KPBS AIRDATE: April 5, 2002
When I was a kid, if my sisters and I got overly theatrical or melodramatic (a very frequent occurrence), my mother would sarcastically invoke Sarah Bernhardt (actually, she’d call us ‘Sarah Heartburn’). The acclaimed Parisian thespian was known for her excesses — both on and off the stage. D.H. Lawrence considered her acting “the incarnation of violent emotion.” She was a legend in her time, and in many ways, still is — one of the theater’s original divas. Many star vehicles were created just for her, including Victorien Sardou’s “La Tosca,” the 1887 play that served as source material for Puccini’s opera. So now, in addition to that melodic classic, performed by San Diego Opera, we have the Globe’s “Memoir,” Canadian John Murrell’s 1976 play by about the last days of The Divine Sarah.
It’s 1922, and she’s trying to get her faithful secretary, Georges Pitou, to help write down her memories. Make that reminiscences seen through the fog of age, self-deception and reinvention of history. She forces the devoted Pitou to role-play her fuzzy recollections, becoming her Maman or the Mother Superior at the convent she tried to enter in her youth, or her drug-addled husband, or the gruff promoter of her American tours, even Oscar Wilde. These re-enactments are actually the most entertaining interactions in the play. This two-hander recalls Ronald Harwood’s “The Dresser,” a much stronger play about an aging actor and his subservient underling. There, it’s Sir; here, it’s Madame. In both cases, the ardor of the sometimes-abused subordinate is palpable. But Harwood’s characters are more multi-dimensional and though smaller and fictional, more interesting.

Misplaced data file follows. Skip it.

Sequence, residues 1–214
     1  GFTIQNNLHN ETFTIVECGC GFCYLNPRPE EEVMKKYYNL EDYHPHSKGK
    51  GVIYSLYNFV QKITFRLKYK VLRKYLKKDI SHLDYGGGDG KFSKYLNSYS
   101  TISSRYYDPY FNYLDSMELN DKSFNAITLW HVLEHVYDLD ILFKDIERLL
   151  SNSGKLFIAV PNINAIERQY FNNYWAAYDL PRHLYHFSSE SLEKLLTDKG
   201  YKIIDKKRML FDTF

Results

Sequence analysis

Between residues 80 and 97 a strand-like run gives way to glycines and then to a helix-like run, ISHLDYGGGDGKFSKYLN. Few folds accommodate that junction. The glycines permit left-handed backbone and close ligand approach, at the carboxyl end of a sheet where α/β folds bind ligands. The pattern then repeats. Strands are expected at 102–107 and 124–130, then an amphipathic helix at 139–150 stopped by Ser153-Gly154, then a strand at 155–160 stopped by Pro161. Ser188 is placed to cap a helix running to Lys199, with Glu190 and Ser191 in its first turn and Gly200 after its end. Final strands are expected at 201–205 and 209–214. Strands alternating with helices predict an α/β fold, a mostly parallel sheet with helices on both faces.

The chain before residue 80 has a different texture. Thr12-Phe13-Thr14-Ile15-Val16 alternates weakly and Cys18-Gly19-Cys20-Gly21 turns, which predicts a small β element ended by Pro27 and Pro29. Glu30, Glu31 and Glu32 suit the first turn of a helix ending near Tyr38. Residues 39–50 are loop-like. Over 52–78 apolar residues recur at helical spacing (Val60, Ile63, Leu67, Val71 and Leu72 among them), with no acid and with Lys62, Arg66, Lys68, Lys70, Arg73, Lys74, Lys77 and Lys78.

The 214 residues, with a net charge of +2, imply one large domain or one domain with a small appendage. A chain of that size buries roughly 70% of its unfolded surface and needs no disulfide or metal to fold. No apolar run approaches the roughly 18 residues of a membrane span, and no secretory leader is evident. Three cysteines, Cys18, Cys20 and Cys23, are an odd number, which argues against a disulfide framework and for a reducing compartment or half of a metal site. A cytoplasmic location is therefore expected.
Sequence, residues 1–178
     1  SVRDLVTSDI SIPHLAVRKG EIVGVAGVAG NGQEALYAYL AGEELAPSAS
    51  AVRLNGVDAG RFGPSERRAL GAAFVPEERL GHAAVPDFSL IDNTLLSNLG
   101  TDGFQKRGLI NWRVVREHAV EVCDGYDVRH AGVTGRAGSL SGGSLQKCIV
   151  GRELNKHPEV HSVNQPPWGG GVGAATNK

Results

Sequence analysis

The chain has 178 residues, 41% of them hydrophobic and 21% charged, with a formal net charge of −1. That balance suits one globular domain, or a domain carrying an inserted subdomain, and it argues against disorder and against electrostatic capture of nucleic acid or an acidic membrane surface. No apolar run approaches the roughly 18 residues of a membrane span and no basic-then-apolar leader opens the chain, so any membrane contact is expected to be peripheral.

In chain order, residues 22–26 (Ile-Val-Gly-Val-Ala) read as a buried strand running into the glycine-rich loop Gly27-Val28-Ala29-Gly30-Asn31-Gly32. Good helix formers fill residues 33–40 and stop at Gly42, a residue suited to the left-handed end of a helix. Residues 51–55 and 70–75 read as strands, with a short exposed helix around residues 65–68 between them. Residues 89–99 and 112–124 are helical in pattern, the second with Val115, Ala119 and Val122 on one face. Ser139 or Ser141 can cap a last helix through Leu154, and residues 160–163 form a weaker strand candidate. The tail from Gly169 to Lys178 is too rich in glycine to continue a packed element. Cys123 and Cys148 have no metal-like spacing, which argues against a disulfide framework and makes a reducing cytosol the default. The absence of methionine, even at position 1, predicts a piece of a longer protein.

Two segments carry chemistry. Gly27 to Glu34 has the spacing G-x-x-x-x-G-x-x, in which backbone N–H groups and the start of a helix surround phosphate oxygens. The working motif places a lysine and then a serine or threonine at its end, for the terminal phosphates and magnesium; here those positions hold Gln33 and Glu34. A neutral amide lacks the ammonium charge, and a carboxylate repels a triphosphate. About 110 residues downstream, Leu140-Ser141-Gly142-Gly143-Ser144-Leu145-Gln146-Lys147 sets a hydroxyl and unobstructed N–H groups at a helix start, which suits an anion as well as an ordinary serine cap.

By all accounts, Bernhardt was captivating and charismatic. But the play only shows the faded queen and just gives snippets of her trials and triumphs. Not enough to inform or thoroughly engage. Globe veterans Katherine McGrath and Jonathan McMurtry are delightful together, obviously relishing their dramatic duet. But we don’t get any real feel for the power of the actress, even (or especially) as she recalls lines from her classic portrayals of Phedre and Hamlet. The piece drags on, and the mutual jibes at memory loss become tiresome. Ultimately, the play doesn’t satisfy, though the setting is gorgeous.
Much more gratifying is the current production of “Tosca,” which also boasts resplendent sets. Fortunately, the singing is powerful, too. The three principals are an excellent vocal match — rich, full-voiced Russian soprano Galina Gorchakova as the doomed diva, tenor Richard Leech as her artist-lover and baritone Kimm Julian as the evil Scarpia. Ian Campbell’s direction is deliciously attentive to detail. As the melodrama rises in the second half, the acting elevates to match the singing. The diva may die, but here, the memory lingers on.
©2002 Patté Productions Inc